The Seahawks Are Protesting Social Injustice In A Completely Different Way: 'Unity'

Instead of taking a knee, the Seahawks are standing proud - and they want you to join to them.

On September 11, 2016, four of the Miami Dolphins knelt during the national anthem in a sign of silent protest against social injustice. The Seahawks, however, linked arms and presented to the world "a unified front."

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(Photo: Seahawks)

It was a decision the team didn't take lightly. They spent weeks discussing how best to make their statement, and even consulted with former NBA great Kareem Abdul-Jabbar and Dr. Harry Edwards, a sociologist who specializes in sports, family, race and ethnic relations. Finally, they knew what they had to do to accomplish their goal of building a bridge between people and communities of differing viewpoints, and they knew it had to start with them.

"It was on a unified front," receiver Doug Baldwin said. "We wanted to do something together as a team. The statement that we're making, is obviously we want to honor those lives that have been lost 15 years ago on this tragic day, and also honor those who have sacrificed their lives for the freedom that we cherish. But at the same time, we're standing for those lives that have fought for that freedom, we want to ensure that freedom and the security of justice for all people. It's a situation for us where you've heard us, the message is very clear, you've heard us, and now we're asking you to listen to our message. It's as simple as that."

The Seahawks are all about inspiring change. But they know they can't do it alone so they plan to meet with police chiefs across the state. The goal? Starting a discussion.

"There has to be change and progress," Baldwin said. "Change is inevitable, change will always happen, but you have to apply direction to change, and that's when there's progress. Right now what we're doing as a team, we have a follow through. The difference between a mob and a movement is a follow through. That's what Harry Edwards told us when he came and talked to us for three hours about a situation that's going in our country right now. He said the difference between a mob and a movement is a follow through. So our team is united together to have a follow through. At this very moment, we're scheduling meetings with the mayor of Seattle, with police chiefs across the state, and we're discussing ways to just start discussion. That's the first step, is to have communication. We need to know the perspective of other people. The greatest tragedy for any human being is going through their entire lives believing the only perspective that matters is their own. We need to break down those walls and barriers and get people to see that there's perspectives outside of their own eyes."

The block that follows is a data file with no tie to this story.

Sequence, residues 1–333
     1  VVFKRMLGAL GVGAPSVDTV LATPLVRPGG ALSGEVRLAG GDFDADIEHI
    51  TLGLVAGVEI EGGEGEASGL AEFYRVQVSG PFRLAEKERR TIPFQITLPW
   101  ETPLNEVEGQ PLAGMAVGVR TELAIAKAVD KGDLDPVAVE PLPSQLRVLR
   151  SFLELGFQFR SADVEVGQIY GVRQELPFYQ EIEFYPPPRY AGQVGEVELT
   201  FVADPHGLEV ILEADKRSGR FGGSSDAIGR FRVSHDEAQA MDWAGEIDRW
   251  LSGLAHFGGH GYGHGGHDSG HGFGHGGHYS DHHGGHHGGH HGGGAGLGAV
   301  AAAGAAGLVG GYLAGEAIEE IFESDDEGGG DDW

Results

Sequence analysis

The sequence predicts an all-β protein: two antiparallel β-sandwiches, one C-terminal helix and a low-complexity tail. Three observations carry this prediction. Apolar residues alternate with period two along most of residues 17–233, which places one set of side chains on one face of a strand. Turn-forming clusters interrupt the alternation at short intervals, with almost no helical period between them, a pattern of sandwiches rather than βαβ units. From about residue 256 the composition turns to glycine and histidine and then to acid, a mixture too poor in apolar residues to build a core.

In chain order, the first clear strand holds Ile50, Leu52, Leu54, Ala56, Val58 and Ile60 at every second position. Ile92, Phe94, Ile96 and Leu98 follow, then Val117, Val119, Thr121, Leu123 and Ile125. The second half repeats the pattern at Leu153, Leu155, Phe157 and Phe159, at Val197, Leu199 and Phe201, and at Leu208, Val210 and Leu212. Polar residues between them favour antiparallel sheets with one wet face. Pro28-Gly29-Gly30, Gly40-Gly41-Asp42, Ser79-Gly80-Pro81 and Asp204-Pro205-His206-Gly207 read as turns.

So what's next? How can the Seahawks squelch the noise and unite people of differing views? In order to build their proverbial bridge and inspire positive change, the team needs to help their community, and the world, move beyond their differences.

"Collaboration is one of the greatest things that a human being can do," said defensive end Michael Bennett. "To realize that people are different but we can still work together. In any community it's going to take everybody to build a bridge to build something great. Of course there's social injustice all along the NFL, all along the United States and we understand that. But we understand that that should be open to dialogue and people have to be able to listen, to be able to see what the change is. For us, we want to be able to build that bridge. The things that we already do in the community - it's not like we just started doing this, a lot of us have foundations, a lot of us are working in the community - but what we want to do is work well with the people all around. We need everybody to realize that just because somebody is different, it doesn't make you better than them, it just makes them a human being, and you've got to respect them and learn about them. We just want people to take the time to get to know somebody. Know their culture because when you know their culture, you understand that they're different and you respect that. That's what we want people to do, respect and try to change society."

While Miami Dolphins owner Steve Ross fully supports his players for taking a knee, Seahawks coach Pete Carroll supports his players for taking a stand.

"It was a statement they wanted to make, and it was not about football," Carroll said. "It was about other things, and I supported them on that 100 percent. I was proud of what was accomplished by the statement they made and what they stood for, and in terms of building that bridge, it could be a very significant thing they've done."

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